Tuesday, July 12, 2005

If Muslim terrorists aren't real Muslims, were the Crusaders real Christians?

In the aftermath of the horrific bombing of London's transport system, Muslim leaders have been quick to condemn the attacks. There were no "ifs" or "buts" on this occasion. The fact that Muslims were among the victims may has brought home to many the reality of Islamic terrorism.

But the attacks have also brought with them the fear of a backlash, a backlash that never happened except in certain peoples' imagination. The fact is, the Brits are by and large a laid back lot, and have enough common sense to differentiate between the law abiding Muslim and the Islamic terrorist.

The same unfortunately, cannot be said for the Muslim leaders. Their response has been to feel they are all tarred by the same brush and have reacted by arguing the bombers are not real Muslims.

Maybe it's time Muslims realised they have more to fear from their own extremists than from any "backlash". Since 9/11, there has been too litte condemnation, and all too often outright praise for the likes of Yussuf Qaradawi and other extremists who have condoned suicide bombings. Whilst there has been a rush to denounce the likes of Salman Rushdie and Theo Van Gogh, there have been no fatwas issued against Abu Hamza or Omar Bakri Mohammed.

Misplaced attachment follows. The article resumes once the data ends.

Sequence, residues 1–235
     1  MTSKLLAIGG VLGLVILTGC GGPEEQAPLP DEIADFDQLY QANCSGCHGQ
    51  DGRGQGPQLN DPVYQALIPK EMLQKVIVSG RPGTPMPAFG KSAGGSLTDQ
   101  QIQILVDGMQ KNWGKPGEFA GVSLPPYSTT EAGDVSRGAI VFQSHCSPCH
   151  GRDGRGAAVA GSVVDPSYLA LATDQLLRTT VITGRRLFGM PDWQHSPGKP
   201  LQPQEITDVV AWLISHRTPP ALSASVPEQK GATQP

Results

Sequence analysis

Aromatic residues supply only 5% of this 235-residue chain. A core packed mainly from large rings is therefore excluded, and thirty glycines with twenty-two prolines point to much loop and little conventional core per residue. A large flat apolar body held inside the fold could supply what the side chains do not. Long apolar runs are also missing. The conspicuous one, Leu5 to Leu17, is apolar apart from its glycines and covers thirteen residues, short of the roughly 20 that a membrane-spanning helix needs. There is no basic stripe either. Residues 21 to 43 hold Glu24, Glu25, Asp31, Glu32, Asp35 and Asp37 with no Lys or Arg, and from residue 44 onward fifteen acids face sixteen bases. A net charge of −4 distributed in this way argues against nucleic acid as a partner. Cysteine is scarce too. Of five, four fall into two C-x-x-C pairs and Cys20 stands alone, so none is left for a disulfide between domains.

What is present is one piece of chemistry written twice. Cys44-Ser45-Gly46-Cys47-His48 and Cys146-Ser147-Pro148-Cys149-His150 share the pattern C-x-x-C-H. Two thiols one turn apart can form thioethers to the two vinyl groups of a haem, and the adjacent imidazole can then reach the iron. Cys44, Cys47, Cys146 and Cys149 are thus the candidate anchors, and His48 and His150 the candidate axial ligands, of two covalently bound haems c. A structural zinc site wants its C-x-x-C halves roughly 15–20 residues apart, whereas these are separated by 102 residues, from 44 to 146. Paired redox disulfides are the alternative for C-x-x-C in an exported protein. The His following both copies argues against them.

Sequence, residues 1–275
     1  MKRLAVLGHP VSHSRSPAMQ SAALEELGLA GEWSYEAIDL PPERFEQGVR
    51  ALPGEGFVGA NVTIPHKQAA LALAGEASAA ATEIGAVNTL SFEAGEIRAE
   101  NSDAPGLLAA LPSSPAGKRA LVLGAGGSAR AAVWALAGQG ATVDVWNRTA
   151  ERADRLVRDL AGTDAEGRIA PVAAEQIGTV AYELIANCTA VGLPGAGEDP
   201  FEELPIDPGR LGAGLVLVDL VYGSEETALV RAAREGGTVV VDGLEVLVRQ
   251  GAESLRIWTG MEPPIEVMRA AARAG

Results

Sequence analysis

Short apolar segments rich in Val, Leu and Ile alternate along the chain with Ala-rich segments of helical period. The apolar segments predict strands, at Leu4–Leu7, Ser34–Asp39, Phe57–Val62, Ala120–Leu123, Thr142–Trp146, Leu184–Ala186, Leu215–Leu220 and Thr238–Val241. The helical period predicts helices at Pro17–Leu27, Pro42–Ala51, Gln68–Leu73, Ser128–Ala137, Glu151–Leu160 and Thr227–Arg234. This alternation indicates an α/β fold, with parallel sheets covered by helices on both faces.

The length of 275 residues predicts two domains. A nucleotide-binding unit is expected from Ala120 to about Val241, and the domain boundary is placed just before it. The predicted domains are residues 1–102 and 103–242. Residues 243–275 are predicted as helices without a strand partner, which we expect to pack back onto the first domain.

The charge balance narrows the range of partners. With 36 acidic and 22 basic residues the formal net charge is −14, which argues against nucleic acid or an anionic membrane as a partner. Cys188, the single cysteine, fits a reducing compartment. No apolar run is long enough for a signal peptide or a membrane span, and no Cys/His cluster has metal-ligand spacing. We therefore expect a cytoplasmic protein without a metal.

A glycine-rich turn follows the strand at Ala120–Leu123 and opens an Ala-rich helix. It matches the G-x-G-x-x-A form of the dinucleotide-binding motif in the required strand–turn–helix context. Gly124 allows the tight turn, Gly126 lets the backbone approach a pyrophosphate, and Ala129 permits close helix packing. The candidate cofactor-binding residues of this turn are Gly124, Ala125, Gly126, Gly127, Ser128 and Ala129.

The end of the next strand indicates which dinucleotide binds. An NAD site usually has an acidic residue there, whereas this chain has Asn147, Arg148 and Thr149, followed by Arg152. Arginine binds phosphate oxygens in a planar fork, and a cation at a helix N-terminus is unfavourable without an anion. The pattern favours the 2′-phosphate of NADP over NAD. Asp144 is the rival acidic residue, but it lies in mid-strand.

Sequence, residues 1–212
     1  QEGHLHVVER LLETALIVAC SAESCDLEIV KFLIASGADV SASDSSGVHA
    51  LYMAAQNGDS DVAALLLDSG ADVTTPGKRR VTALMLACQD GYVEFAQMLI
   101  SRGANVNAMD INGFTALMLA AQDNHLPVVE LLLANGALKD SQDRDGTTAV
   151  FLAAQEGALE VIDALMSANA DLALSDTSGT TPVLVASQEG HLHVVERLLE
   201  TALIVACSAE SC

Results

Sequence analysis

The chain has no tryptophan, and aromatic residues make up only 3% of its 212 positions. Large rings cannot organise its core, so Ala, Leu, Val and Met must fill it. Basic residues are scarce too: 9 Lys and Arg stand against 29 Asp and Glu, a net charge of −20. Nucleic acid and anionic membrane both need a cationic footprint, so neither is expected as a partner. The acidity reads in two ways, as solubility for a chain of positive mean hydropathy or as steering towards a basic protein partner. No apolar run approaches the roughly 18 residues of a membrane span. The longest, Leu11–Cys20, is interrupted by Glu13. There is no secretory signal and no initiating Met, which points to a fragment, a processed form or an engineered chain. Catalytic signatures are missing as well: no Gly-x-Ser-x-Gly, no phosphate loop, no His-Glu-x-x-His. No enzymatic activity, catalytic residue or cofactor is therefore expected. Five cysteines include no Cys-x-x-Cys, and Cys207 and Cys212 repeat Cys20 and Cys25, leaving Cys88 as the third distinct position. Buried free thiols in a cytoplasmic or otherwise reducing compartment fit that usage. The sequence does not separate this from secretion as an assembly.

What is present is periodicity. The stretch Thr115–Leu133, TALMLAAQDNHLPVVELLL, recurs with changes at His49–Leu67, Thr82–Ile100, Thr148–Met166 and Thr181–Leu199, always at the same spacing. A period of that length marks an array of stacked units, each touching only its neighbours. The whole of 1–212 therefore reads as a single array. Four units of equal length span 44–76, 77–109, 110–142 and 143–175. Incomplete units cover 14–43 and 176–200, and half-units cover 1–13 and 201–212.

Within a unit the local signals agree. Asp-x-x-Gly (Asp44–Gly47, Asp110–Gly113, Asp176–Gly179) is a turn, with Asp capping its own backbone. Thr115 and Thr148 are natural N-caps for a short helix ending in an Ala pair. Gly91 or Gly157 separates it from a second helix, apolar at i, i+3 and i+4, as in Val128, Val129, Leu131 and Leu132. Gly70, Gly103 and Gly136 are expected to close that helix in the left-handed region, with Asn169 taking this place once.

Things have not been helped by guilt ridden Christians too timid to point the finger of blame. "There are no Muslim terrorists. There are terrorists," Father Paul Hawkins of St Pancras parish church told his congregation on Sunday. "The people who carried out these attacks are victims of a false religion, be it false Christianity or false Islam." Which is like arguing that the Crusaders had nothing to do with Christianity.

The only reason that Christianity has moved on from it's blood soaked past is that Christians have had to take reponsibility for over two millenia of persecution against the Jews and those of other faiths. Just as the Crusuders were devout Christians, today's Jihadists are devuot Muslims.

After the Israeli Prime Minister Yitzchak Rabin was murdered by a Jewish assassin in 1995, there was a lot of soul searching in the Jewish community, with many blaming the hate filled rhetoric of Rabin's political opponents for creating an atmosphere that led to his death (Remember the posters: "Rabin is a murderer", "Rabin is a Traitor"). I attended a memorial meeting for him at the Royal Albert Hall and I remember the Chief Rabbi, Jonathan Sacks remarking that as a Jew, the whole incident made him hang his head in shame.

There may be a concept of 'Umma' in the Muslim community, but there's a lack of individual responsibility when it comes to silencing the extremists. If we're unwilling to learn from history that violent words lead to violent deeds, it may take many more atrocities before we wake up to reality, and as the death toll from Thursday's attacks has proved, Muslims will be in the front line as much as we are.